One of the reasons I've heard that the Euro cannot stay together is that the countries involved have such different rates of economic growth so that it is impossible to have a coherent monetary policy. Interest rate policies that are suitable to some Euro-members might cause bubbles or stagnant growth in the remaining countries.
So how "different" are these rates, really? If you take the last couple years of growth GDP in the Euro area, you end up with a standard deviation of approximately 1.3-1.7% (sorry to statistics majors for abusing standard deviation).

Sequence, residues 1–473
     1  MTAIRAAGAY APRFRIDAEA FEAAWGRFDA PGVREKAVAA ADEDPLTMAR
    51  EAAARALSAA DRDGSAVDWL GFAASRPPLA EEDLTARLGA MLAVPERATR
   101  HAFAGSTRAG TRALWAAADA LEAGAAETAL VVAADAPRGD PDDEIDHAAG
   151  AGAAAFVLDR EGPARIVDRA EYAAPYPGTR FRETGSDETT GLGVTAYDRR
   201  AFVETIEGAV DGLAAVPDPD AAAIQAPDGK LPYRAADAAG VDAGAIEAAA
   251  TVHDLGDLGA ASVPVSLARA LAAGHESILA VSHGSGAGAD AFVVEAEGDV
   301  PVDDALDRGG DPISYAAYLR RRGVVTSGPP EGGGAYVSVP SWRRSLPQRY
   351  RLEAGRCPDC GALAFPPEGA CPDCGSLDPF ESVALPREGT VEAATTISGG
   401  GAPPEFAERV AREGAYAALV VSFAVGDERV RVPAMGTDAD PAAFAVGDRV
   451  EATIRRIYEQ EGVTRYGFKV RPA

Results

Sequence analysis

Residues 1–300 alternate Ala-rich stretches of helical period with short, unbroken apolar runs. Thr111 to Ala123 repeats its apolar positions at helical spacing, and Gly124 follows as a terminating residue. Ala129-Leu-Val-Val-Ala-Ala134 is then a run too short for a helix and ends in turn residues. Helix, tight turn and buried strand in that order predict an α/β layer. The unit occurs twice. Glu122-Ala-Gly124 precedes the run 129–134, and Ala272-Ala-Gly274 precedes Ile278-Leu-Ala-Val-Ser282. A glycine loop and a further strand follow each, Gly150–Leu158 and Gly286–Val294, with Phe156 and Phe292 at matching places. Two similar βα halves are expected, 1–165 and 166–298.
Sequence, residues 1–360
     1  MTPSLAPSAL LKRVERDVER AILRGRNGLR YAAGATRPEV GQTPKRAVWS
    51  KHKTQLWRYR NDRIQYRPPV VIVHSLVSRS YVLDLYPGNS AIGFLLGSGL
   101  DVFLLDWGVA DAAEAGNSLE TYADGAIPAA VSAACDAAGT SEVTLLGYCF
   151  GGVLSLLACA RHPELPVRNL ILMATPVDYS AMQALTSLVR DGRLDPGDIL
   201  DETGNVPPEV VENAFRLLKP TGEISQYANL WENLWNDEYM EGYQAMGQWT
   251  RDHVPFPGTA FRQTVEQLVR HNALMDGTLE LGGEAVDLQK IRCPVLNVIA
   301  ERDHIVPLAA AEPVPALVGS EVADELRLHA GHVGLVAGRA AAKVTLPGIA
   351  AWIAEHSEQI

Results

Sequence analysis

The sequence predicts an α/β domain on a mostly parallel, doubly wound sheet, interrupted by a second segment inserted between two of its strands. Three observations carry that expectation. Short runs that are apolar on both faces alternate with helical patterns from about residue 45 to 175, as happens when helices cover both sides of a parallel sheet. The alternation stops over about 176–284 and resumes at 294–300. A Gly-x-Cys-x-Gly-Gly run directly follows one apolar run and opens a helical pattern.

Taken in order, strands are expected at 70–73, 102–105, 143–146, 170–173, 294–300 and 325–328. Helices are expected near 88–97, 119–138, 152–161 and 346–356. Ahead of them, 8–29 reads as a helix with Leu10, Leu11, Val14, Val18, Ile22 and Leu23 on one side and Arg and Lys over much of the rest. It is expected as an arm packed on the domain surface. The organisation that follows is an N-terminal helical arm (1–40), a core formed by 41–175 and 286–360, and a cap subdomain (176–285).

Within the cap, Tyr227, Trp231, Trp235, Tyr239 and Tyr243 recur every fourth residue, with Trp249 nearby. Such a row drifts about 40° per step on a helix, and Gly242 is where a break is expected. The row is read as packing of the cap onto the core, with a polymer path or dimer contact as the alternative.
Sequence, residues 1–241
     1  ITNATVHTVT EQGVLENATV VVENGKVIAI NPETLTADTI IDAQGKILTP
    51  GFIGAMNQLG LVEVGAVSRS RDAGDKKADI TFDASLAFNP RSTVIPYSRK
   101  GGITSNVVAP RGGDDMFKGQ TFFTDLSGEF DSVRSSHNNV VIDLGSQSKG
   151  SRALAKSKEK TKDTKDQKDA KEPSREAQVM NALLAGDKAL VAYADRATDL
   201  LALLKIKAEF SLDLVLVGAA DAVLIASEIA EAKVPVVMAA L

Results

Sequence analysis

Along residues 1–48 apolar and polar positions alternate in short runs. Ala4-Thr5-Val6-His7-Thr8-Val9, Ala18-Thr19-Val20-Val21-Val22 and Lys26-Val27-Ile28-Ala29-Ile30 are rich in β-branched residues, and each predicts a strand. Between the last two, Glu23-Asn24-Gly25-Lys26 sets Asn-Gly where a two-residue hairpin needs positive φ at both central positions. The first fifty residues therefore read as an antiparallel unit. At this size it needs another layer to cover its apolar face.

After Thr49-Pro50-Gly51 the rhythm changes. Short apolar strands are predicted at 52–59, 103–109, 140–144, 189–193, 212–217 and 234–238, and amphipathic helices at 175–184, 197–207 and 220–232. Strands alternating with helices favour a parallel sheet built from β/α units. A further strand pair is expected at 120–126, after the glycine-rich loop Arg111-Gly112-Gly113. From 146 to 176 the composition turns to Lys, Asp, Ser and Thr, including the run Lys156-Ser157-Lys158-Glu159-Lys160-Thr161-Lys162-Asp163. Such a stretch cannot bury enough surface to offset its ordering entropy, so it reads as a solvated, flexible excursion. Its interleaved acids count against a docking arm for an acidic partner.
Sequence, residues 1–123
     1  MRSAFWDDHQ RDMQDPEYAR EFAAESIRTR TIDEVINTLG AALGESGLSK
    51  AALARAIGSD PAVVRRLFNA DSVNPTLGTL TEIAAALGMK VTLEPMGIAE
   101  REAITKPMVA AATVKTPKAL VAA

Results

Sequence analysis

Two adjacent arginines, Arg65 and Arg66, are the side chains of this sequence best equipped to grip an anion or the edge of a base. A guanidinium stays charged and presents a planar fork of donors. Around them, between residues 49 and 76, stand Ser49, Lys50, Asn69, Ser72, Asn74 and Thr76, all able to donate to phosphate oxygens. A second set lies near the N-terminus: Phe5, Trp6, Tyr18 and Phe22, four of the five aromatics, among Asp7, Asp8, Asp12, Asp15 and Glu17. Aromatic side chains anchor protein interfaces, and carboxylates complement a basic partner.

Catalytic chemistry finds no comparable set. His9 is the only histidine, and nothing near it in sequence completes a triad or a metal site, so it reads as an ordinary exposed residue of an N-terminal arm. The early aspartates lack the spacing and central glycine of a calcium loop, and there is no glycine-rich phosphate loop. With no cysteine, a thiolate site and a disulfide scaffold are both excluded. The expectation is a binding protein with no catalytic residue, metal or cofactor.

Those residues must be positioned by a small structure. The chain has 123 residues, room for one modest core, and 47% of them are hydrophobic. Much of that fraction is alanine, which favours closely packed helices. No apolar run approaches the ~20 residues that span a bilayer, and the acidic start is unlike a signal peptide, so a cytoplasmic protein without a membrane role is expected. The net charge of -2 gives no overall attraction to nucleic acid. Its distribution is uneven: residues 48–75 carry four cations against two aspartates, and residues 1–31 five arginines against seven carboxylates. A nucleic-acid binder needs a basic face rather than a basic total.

What about, say, the grand old USA? Doing the same calculations on a state-by-state basis, the GSP (Gross State Product) growth varies with a standard deviation of about 2-2.5%.
So the US manages to survive on a much more varied set of regional economies with a single currency and interest rate policy.
Even if you take into account the ability of the federal government in the US to shift around money, the imbalances tend to mirror approximately the same amounts of money that are shifted around by the EU in structural funds.